|Canton Ergo 5.0 Speaker System|
|Home Theater Loudspeakers Speaker Systems|
|Written by Brian Kahn|
|Monday, 01 March 2004|
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While it’s a fairly new name to the North American market, Canton has been producing high-end speakers in Germany since 1972, reportedly capturing an impressive 25 percent of the German market with its wide variety of speaker offerings. This review features the Canton Ergo RC-A’s at $5,000 per pair used as front main loudspeakers, Ergo CM502 center channel speaker at $800, and the Ergo 302s at $1,400 per pair for rear surrounds. The Ergo line being reviewed is more traditional then Canton’s more contemporary Karat line and is a step up from the LE and Movie series loudspeakers. Both lines share many of theme drivers and other components and the build quality is the same. I was asked by Canton to review this system without a separate subwoofer, using the powered woofers in the RC-A towers to handle the low end.
Canton is a fairly large speaker company, with considerable research and development resources. I met with Canton’s development manager, Frank Gobl, who explained Canton’s extensive use of CAD for development in both mechanical and electronic design of the speaker. Canton performs extensive simulations of cabinets, driver components and crossovers, allowing the design team to experiment with numerous design options. Canton manufactures its own drivers, utilizing a variety of materials from paper to aluminum manganese. Gobl pointed out that Canton went into such detail in designing their current line of drivers that similar sizes and material composition may differ radically in their geometry and utilize variable material thicknesses to make similar-appearing drivers perform differently, in order to best suit their intended purposes. The manufacturing of the speakers and nearly all components is also done in-house in a large, modern facility. Each of the one million-plus speakers Canton manufactures each year are hand-inspected before shipping. Each crossover network must perform within 0.4dB of the reference specification and the speaker assembly must test within 1dB.
The RC-A is the largest and most expensive speaker in the Ergo line and is the only speaker in the line to feature an internal amplifier. The three-way system features two active, powered nine-inch polypropylene woofers above a front-firing port, a one-inch aluminum manganese tweeter and, at the top of the baffle, a seven-inch aluminum midrange. The baffle is covered with a felt-like sound-absorbing material that is normally hidden by a black perforated metal grille. The RC-A measures 45.3 inches tall, 10.2 inches wide and 13.7 inches deep. The 72-pound cabinet is available in a variety of wood veneer finishes. The review samples were finished in black ash.
The back panel features a detachable power cord connection, one single-ended input, a power switch and a pair of large, sturdy binding posts on the bottom section. Halfway up the back panel is a cut-out for the amplifier module. Above the heat sink fins are two knobs and a toggle switch. The knobs on the amplifier module are for the “RC,” room correction circuit, and the toggle switch controls the power-on mode for the amplifier, either manual or auto. The RC circuit allows for +3.0 dB and - 4.5dB correction below 1,000Hz and –3.0dB to + 1.5dB above 10 kHz.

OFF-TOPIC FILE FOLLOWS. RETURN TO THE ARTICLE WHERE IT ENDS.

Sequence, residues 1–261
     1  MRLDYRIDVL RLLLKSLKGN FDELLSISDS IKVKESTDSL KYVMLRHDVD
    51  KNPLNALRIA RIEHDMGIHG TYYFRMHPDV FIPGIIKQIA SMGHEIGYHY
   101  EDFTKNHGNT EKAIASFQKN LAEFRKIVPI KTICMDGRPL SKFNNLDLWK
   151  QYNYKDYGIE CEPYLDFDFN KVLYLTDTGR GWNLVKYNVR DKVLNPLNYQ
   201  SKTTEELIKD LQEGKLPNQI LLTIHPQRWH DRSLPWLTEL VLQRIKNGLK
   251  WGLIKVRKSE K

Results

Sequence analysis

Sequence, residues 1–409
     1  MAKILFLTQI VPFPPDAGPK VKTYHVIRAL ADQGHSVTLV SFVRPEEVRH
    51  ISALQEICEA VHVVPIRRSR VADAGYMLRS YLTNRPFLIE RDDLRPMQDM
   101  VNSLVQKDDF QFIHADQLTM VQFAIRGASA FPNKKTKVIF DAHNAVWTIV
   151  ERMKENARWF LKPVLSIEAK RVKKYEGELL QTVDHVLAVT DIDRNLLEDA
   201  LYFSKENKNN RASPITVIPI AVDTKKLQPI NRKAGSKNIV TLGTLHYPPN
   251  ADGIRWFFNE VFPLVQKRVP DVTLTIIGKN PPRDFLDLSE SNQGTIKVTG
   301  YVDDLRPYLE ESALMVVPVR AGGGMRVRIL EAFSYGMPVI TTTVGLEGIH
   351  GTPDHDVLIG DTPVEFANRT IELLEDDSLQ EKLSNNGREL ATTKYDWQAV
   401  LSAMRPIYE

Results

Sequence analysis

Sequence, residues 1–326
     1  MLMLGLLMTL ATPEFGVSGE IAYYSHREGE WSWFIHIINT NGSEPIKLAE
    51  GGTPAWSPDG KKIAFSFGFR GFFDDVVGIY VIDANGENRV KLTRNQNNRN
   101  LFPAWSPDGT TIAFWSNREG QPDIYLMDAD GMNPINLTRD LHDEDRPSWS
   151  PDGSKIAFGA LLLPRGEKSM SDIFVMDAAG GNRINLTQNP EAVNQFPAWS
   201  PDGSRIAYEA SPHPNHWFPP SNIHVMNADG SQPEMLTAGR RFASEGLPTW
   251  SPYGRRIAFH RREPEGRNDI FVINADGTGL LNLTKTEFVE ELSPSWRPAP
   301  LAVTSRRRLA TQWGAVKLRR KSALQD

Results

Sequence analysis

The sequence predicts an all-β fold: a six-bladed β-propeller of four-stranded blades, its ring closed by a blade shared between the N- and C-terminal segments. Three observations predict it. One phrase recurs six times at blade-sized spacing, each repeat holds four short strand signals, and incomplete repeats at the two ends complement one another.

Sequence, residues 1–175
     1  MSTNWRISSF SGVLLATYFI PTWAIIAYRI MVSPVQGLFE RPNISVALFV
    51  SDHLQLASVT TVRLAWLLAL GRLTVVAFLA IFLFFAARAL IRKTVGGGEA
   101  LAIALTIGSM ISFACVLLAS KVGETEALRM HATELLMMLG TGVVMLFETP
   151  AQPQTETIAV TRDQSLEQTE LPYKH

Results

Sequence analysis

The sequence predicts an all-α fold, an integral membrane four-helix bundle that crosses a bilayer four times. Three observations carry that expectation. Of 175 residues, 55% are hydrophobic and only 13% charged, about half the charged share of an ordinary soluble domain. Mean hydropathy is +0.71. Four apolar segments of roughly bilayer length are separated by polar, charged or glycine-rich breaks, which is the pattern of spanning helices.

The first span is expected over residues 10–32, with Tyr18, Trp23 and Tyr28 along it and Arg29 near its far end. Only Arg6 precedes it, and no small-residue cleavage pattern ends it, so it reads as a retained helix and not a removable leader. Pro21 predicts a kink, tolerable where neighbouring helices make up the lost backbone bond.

This technology, as explained by Gobl, consists of a filter in the crossover that compensates for the speakers’ low-frequency roll-off, extending response up to one octave, minimizing subsonic energy and unnecessary driver excursion.
The SC technology 250-watt amplifier and nine-inch drivers help the RC-A reach down to the rock bottom low end of 18Hz. While I was initially skeptical of this claim, the RC-As substantiated it in my listening tests. While the RC-As are capable of sound reproduction below 20Hz, their displacement control prevents the woofers from attempting to produce signals below their range, reducing unwanted harmonic distortion while working in conjunction with the “SC” circuit to provide smooth response down to the lower limits.
The CM502 and 302 speakers are relatively simple in comparison to the RC-As. The CM502 center channel speaker measures 20 inches wide, nine inches high and 11.3 inches deep, with a perforated metal grille covering two five-inch aluminum drivers, which flank a one-inch aluminum manganese tweeter. The rear panel features a port immediately above the single pair of binding posts. The 302 is a solid, fairly large “bookshelf” speaker, measuring 15.7 inches high, 12.1 inches deep and eight-and-three-quarters-inches wide, weighing just under 20 pounds. The driver complement on this bass reflex speaker is a one-inch aluminum manganese tweeter above an eight-inch aluminum driver. The 302 is rear-ported and sports two pairs of binding posts that allow for bi-wiring if so desired. All of the cabinets appear to be solidly manufactured.
I connected all the speakers in a single-wire mode (as opposed to a bi-wire connection). I then connected the LFE output of my processor into the back of the RC-As and finally plugged the RC-As into the power supply. The RC-As were eventually positioned closer together than normal for my theater setup, the inside edges were just over 67 inches apart. I positioned the speakers firing straight ahead with no toe-in, approximately three feet from the front wall. The CM502 was positioned under my projection screen, angled up slightly, and the 302s were flanking and slightly behind my listening position.